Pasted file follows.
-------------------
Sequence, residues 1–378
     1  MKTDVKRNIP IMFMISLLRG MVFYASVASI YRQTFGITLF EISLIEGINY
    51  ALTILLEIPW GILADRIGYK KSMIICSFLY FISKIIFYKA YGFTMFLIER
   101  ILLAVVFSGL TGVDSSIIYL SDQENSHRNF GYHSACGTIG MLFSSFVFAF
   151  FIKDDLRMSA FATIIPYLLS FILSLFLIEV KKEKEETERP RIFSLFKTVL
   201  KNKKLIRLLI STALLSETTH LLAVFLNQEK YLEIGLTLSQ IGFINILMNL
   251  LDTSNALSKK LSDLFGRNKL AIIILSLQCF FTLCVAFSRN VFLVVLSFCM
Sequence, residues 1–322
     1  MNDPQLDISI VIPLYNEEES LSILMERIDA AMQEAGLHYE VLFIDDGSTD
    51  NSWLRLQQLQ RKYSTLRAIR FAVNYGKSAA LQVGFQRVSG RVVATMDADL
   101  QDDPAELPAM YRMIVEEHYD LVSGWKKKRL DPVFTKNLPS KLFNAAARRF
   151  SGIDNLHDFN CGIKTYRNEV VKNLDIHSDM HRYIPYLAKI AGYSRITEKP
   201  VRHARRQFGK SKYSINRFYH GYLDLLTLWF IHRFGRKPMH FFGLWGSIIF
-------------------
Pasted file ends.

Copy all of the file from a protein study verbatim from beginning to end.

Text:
Sequence, residues 1–378
     1  MKTDVKRNIP IMFMISLLRG MVFYASVASI YRQTFGITLF EISLIEGINY
    51  ALTILLEIPW GILADRIGYK KSMIICSFLY FISKIIFYKA YGFTMFLIER
   101  ILLAVVFSGL TGVDSSIIYL SDQENSHRNF GYHSACGTIG MLFSSFVFAF
   151  FIKDDLRMSA FATIIPYLLS FILSLFLIEV KKEKEETERP RIFSLFKTVL
   201  KNKKLIRLLI STALLSETTH LLAVFLNQEK YLEIGLTLSQ IGFINILMNL
   251  LDTSNALSKK LSDLFGRNKL AIIILSLQCF FTLCVAFSRN VFLVVLSFCM
Sequence, residues 1–322
     1  MNDPQLDISI VIPLYNEEES LSILMERIDA AMQEAGLHYE VLFIDDGSTD
    51  NSWLRLQQLQ RKYSTLRAIR FAVNYGKSAA LQVGFQRVSG RVVATMDADL
   101  QDDPAELPAM YRMIVEEHYD LVSGWKKKRL DPVFTKNLPS KLFNAAARRF
   151  SGIDNLHDFN CGIKTYRNEV VKNLDIHSDM HRYIPYLAKI AGYSRITEKP
   201  VRHARRQFGK SKYSINRFYH GYLDLLTLWF IHRFGRKPMH FFGLWGSIIF